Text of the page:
Drop in GDP reflects significant problems in the world economy
President Obama names new task force to strengthen the middle class
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But that doesn’t mean that sharp drop is unimportant.Skip to next paragraph
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The sharp plunge reflects significant problems for the world economy. In recent years, the world economy overall has seen its fastest growth in modern times. The expansion of commerce has meant expanding productivity rates and jobs, allowing most nations to grow faster than they could without such ties.
Now, the globe could see its first overall decline in the volume of trade in many years.
On Friday, Caterpillar announced it plans to cut another 2100 jobs, on top of some 20,000 layoffs announced earlier in the week.
“[Caterpillar] must drastically reduce our production levels and cost structure to remain competitive for the long run,” Bob Williams, a company vice president, said in a statement. Cat has 113,000 employees worldwide.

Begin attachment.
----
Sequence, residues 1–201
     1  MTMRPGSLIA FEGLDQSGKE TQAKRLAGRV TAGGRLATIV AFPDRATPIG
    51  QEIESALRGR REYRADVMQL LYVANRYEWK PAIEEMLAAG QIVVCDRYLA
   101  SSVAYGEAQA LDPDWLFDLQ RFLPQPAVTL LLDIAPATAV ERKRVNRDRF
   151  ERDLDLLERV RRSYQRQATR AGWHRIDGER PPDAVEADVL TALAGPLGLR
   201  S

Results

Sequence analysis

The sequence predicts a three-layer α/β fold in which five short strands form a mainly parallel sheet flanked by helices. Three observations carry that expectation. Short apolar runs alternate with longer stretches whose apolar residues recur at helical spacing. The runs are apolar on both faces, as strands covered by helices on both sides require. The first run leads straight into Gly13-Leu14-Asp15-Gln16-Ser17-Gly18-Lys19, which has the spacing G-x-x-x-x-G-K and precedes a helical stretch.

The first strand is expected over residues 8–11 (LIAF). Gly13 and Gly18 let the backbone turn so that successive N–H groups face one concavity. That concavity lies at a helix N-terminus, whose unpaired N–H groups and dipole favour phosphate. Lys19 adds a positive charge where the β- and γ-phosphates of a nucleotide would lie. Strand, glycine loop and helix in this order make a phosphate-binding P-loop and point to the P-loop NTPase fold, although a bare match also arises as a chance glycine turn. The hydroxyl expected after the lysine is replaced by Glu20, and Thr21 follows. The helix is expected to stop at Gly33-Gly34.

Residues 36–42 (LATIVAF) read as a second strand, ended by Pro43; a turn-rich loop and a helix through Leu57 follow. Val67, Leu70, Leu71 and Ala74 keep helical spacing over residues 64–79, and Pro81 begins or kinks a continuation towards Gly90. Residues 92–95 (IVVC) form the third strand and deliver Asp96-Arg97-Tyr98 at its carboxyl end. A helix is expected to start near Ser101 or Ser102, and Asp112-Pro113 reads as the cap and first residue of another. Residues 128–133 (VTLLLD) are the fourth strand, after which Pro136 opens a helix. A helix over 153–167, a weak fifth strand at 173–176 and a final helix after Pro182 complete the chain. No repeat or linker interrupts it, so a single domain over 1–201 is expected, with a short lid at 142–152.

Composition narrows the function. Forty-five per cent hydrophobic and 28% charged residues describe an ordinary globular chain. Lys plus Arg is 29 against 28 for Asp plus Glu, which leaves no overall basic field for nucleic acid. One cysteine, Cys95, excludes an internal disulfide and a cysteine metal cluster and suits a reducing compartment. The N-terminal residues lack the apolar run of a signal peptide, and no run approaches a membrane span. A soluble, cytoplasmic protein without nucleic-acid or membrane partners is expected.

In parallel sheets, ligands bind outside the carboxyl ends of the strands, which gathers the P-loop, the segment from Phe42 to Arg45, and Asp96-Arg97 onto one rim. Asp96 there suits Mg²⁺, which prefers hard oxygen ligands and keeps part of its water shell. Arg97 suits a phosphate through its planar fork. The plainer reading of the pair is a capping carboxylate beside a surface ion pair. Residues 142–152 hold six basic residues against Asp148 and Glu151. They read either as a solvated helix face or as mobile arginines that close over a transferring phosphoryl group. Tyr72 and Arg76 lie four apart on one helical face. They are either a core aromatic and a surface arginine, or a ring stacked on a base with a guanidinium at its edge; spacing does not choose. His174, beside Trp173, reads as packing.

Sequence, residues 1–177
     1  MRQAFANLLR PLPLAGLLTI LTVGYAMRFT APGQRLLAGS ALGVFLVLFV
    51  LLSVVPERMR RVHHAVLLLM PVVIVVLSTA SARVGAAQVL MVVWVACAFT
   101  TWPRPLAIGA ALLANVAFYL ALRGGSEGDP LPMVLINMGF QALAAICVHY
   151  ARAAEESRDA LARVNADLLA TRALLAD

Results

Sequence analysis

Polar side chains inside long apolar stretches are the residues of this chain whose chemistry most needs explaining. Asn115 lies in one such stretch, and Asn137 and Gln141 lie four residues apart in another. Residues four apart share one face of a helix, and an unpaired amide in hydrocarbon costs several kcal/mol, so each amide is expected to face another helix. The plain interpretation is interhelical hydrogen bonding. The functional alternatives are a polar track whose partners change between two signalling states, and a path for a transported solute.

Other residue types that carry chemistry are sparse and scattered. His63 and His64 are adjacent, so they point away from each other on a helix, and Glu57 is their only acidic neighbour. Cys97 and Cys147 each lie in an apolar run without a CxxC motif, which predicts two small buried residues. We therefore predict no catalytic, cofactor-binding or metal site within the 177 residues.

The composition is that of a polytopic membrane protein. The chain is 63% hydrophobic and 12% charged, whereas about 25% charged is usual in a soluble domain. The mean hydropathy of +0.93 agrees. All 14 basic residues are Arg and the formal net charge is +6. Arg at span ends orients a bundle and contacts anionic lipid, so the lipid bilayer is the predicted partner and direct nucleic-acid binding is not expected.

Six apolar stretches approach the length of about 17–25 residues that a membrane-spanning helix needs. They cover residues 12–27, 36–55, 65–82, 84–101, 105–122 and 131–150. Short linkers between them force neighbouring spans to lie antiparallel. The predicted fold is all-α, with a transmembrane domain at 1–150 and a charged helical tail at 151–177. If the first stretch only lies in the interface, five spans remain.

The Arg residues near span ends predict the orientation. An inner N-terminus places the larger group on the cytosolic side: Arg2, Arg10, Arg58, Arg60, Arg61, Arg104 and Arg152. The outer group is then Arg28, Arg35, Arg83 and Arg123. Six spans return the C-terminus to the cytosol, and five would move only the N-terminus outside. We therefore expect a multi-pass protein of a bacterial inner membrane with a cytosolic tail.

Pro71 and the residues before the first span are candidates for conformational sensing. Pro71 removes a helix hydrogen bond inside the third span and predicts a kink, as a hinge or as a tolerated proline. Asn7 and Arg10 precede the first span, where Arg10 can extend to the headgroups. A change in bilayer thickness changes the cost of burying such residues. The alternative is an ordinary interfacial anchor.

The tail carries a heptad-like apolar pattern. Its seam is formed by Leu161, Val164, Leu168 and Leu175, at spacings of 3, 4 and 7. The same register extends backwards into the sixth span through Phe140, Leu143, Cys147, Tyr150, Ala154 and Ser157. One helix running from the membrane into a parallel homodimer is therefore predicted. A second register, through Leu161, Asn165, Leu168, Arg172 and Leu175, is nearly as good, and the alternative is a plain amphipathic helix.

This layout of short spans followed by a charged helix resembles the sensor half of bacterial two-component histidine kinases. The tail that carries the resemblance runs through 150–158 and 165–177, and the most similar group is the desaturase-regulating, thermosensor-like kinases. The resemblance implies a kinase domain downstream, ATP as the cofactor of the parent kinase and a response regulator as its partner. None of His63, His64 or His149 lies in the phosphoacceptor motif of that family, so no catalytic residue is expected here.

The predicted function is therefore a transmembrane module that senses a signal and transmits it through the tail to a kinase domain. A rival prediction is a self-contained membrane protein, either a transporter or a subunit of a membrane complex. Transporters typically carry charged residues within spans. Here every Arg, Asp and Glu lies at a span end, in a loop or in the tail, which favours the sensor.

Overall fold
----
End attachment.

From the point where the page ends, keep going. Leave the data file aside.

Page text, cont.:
New worries about protectionism
Some economists worry that the recession could cause nations to focus more on self-interest -- with the risk that measures designed to protect domestic jobs could backfire by deepening the global downturn.
So far, this remains more a risk than a reality. The danger is that modest actions could end up provoking larger ones.
"The latest versions of the US fiscal stimulus package contain provisions regarding 'domestic content,'" Richard Bernstein, chief investment strategist at Merrill Lynch, said in a note to clients Thursday. "The protectionist trend is gaining strength much faster than we thought even just a few weeks ago."
The delicate US-China relationship -- with China relying on huge exports and America being the largest importer -- faces new tension. As a presidential candidate, Barack Obama pledged to take a tougher line on trade issues with China. Beijing reacted angrily last week when US Treasury Secretary Timothy Geithner told senators at his confirmation hearing that China was manipulating its currency.
Vice President Joe Biden said on Thursday the Obama administration had made no determination on whether China was manipulating its currency and would not make a unilateral attempt to block its exports.
In a phone call Friday, Chinese President Hu Jintao told President Obama that he wanted to strengthen cooperation between the two countries to fight the global economic slowdown, China’s Xinhua news agency reported.
Of course, one man’s “protectionism” can be another’s bid to correct abuses of current trade law. But economists generally say that a recession is a risky time for trade relations to fray. In the Great Depression, rising trade barriers deepened the downturn.
Wire service material was used in this report.